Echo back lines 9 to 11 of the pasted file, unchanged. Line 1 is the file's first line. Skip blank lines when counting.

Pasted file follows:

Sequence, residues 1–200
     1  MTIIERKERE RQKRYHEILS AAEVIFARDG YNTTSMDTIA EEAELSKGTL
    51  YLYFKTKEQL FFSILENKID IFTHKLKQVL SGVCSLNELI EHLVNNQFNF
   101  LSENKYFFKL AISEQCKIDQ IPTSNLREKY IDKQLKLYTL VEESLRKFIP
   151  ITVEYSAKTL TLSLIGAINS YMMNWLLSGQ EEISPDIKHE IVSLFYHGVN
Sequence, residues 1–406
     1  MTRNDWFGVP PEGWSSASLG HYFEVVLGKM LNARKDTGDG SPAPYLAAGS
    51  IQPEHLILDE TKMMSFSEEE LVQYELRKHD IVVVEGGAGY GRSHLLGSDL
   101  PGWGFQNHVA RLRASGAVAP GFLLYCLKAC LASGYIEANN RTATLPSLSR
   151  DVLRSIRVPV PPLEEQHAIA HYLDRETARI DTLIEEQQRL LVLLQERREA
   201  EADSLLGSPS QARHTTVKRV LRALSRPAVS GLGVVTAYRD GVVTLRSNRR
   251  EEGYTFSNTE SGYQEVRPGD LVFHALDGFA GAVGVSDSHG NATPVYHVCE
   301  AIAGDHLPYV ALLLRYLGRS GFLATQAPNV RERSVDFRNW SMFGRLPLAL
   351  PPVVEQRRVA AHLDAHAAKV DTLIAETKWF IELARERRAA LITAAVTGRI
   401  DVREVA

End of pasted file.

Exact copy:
   101  PGWGFQNHVA RLRASGAVAP GFLLYCLKAC LASGYIEANN RTATLPSLSR
   151  DVLRSIRVPV PPLEEQHAIA HYLDRETARI DTLIEEQQRL LVLLQERREA
   201  EADSLLGSPS QARHTTVKRV LRALSRPAVS GLGVVTAYRD GVVTLRSNRR